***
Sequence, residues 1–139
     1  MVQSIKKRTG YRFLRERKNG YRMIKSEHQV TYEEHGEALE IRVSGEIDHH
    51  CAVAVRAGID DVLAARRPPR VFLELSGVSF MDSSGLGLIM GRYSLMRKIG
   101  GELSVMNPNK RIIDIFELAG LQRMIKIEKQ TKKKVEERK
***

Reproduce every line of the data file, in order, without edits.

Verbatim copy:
Sequence, residues 1–139
     1  MVQSIKKRTG YRFLRERKNG YRMIKSEHQV TYEEHGEALE IRVSGEIDHH
    51  CAVAVRAGID DVLAARRPPR VFLELSGVSF MDSSGLGLIM GRYSLMRKIG
   101  GELSVMNPNK RIIDIFELAG LQRMIKIEKQ TKKKVEERK